A drought (or drouth [archaic]) is an extended period of months or years when a region notes a deficiency in its water supply. Generally, this occurs when a region receives consistently below average precipitation. It can have a substantial impact on the ecosystem and agriculture of the affected region. Although droughts can persist for several years, even a short, intense drought can cause significant damage and harm the local economy. This global phenomenon has a widespread impact on agriculture. The United Nations estimates that an area of fertile soil the size of Ukraine is lost every year because of drought, deforestation, and climate instability. Lengthy periods of drought have long been a key trigger for mass migration and played a key role in a number of ongoing migrations and other humanitarian crises in the Horn of Africa and the Sahel. Causes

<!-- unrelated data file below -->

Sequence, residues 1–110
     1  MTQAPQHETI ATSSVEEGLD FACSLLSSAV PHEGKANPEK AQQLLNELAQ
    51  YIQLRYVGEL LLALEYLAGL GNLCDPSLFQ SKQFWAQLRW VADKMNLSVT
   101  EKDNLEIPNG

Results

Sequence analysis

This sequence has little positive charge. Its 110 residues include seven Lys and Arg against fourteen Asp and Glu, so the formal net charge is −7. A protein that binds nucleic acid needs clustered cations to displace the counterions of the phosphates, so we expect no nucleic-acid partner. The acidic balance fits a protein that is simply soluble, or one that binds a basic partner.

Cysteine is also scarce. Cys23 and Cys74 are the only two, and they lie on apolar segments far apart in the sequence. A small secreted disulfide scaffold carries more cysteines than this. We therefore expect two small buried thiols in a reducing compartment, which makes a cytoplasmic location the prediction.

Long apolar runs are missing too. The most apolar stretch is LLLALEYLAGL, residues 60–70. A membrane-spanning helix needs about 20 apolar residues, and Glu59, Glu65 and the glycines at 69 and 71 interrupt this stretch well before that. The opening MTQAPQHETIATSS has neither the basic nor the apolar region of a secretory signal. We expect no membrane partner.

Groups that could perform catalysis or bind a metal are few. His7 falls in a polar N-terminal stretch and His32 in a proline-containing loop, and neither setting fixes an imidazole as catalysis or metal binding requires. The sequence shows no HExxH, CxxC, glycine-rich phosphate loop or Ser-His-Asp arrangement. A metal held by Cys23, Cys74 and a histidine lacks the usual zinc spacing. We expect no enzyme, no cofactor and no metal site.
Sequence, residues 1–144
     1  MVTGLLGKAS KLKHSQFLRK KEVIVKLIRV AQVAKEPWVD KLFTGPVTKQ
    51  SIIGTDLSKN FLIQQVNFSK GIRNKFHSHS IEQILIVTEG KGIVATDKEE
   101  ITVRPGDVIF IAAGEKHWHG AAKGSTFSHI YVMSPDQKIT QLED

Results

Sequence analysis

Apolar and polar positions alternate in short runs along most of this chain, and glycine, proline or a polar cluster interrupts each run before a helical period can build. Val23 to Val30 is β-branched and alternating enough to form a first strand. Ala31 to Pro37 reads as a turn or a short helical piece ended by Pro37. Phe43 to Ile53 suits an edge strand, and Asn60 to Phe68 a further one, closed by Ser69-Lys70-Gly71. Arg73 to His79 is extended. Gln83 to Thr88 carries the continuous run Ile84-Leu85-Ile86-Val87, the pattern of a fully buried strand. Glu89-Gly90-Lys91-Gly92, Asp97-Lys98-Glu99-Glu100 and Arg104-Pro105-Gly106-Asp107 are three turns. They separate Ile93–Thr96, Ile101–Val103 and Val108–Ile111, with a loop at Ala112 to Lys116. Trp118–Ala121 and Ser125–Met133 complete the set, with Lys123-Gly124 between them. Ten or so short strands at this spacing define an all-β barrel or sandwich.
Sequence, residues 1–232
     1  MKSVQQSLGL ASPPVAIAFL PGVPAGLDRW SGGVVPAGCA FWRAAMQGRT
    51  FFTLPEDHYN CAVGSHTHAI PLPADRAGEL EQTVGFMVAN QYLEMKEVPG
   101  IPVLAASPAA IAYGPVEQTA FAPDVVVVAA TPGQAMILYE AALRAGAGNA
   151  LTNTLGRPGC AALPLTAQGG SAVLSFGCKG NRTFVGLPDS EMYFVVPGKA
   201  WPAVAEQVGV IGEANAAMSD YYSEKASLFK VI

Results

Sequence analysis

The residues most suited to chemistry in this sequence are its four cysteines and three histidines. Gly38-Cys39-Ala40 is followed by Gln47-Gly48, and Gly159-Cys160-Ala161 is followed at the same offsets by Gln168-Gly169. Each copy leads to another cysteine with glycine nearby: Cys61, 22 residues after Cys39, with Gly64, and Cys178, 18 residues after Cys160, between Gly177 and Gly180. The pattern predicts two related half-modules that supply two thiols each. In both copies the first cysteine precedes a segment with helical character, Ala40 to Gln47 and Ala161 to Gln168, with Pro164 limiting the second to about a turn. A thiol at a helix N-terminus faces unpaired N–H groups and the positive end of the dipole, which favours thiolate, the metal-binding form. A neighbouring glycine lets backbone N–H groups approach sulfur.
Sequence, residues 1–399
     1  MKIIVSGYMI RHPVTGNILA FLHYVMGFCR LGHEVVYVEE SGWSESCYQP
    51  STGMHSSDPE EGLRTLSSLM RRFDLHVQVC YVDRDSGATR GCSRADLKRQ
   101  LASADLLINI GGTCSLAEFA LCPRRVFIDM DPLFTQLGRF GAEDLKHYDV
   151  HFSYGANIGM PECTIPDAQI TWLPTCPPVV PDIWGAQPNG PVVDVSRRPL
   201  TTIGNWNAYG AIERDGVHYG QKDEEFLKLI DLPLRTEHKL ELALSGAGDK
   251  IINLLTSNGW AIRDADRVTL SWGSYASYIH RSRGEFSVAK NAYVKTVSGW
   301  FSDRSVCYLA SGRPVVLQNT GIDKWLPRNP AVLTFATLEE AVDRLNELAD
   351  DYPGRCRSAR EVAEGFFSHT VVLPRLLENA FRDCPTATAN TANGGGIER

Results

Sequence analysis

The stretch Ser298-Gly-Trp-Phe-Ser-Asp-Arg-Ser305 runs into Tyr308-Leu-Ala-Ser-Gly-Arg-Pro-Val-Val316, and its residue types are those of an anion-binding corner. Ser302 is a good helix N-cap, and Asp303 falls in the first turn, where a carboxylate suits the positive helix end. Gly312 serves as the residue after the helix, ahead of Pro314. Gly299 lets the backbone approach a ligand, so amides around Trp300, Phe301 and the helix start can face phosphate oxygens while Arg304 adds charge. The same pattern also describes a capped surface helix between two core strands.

Generally, rainfall is related to the amount of water vapor in the atmosphere, combined with the upward forcing of the air mass containing that water vapor. If either of these are reduced, the result is a drought. This can be triggered by an above average prevalence of high pressure systems, winds carrying continental, rather than oceanic air masses (i.e. reduced water content), and ridges of high pressure areas form with behaviors which prevent or restrict the developing of thunderstorm activity or rainfall over one certain region. Oceanic and atmospheric weather cycles such as the El Niño-Southern Oscillation (ENSO) make drought a regular recurring feature of the Americas along the Pacific coast and Australia. Guns, Germs, and Steel author Jared Diamond sees the stark impact of the multi-year ENSO cycles on Australian weather patterns as a key reason that Australian aborigines remained a hunter-gatherer society rather than adopting agriculture. Human activity can directly trigger exacerbating factors such as over farming, excessive irrigation, deforestation, and erosion adversely...
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